James McNeish – Books – The Sixth Man and others
In New Zealand we have have had a 4.5 week lockdown and now we are 2 days into a still restricted time period to help manage the health risks from covid-19. There are many responses to this kind of enforced stay at home but one of my first thoughts was finally I can finish off some of the books I have been reading.
One of those is The Sixth Man by James McNeish.
“Tells of Paddy Costello, New Zealand’s most brilliant envoy, the man who blew the whistle on Soviet possession of the atom bomb, and the first Western diplomat to penetrate the Nazi death camps at the end of the war. Costello was a scholar, diplomat, exemplary father, maverick – but was he also a spy?”
Spoiler: Costello was not a spy but he spoke 9 or 10 languages and besides many other things he was a diplomat who was based in Moscow for New Zealand at a time immediately after WW2 when the west was allied with Russia but didn’t know Stalin was really one of the bad guys.
“He was funny, noisy, irreverent, argumentative, and occasionally appallingly drunk. He would have been a dreadful spy.
But he was a perfect suspect. He was a natural internationalist, fluent in nine languages including Russian, and the British establishment distrusts such people. He was an outsider, married to a Jewish Communist.”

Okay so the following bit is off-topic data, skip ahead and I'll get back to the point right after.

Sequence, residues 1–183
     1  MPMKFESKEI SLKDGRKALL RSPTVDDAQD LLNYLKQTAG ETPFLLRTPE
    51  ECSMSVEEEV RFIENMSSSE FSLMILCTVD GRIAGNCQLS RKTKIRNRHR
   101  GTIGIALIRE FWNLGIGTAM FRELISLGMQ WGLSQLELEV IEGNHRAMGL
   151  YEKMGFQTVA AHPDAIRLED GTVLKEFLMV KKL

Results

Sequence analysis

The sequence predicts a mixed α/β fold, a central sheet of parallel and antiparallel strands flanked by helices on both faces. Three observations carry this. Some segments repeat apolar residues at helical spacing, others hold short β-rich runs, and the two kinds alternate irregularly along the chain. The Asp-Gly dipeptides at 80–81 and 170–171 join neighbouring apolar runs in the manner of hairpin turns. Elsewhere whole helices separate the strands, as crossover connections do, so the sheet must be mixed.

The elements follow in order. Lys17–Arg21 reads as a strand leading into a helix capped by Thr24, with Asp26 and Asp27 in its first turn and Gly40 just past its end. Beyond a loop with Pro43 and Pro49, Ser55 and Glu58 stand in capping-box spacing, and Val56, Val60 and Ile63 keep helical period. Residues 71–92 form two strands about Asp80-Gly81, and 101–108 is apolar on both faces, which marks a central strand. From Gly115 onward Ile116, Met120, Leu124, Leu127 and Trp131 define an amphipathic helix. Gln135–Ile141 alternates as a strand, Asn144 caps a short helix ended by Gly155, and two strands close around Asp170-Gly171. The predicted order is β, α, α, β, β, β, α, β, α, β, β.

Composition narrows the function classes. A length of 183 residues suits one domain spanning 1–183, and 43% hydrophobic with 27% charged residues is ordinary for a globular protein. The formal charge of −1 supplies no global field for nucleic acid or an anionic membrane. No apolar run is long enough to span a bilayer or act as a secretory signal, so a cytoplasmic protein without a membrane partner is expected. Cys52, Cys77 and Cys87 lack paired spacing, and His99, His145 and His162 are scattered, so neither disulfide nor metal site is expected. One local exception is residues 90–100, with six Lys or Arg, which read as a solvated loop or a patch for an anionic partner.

He had gone to study at Cambridge in 1932. McNeish writes
“A number of luminaries including the poet A.E Housman and Wittgenstein the philosopher ..was already there.”
Costello was one of a group of expat New Zealanders that McNeish had written about earlier in another historical biography called Dance of the Peacocks. Subtitled ‘New Zealanders in Exile in the Time of Hitler and Mao Tse Tung’. Those five were James Bertram, Geoffrey Cox, Dan Davin, Ian Milner and John Mulgan.
Costello served as part of an intelligence team in WW2 with Geoffrey Cox and Dan Davin as part of Freybergs team. The Peacocks book came out in 2003 and I would have read it not long after. In that context Costello was the 6th Man which became the title of this book published in 2008.
The book is very well researched and is full of stories about Costello who was a brilliant man. It is true to times that NZ never appreciated him and that there really was no place for him in 1950’s NZ. He ended up as a Professor of Russian at Manchester University until he died in 1963.
It is good that these brilliant scholars all found a way to make their mark in the UK and elsewhere but I can’t help wondering what NZ would have been like if they had been welcomed back to NZ. Only one of the six ever returned.
The books (both of them) are for New Zealanders who want to learn more about our history. Being war times opened up opportunities and challenges that were out of the ordinary.
As I write this in 2020 there are approximately 1m expat New Zealanders offshore. Not many, if any are as brilliant as this group of six but I am sure there are quite a few. An inspiring read.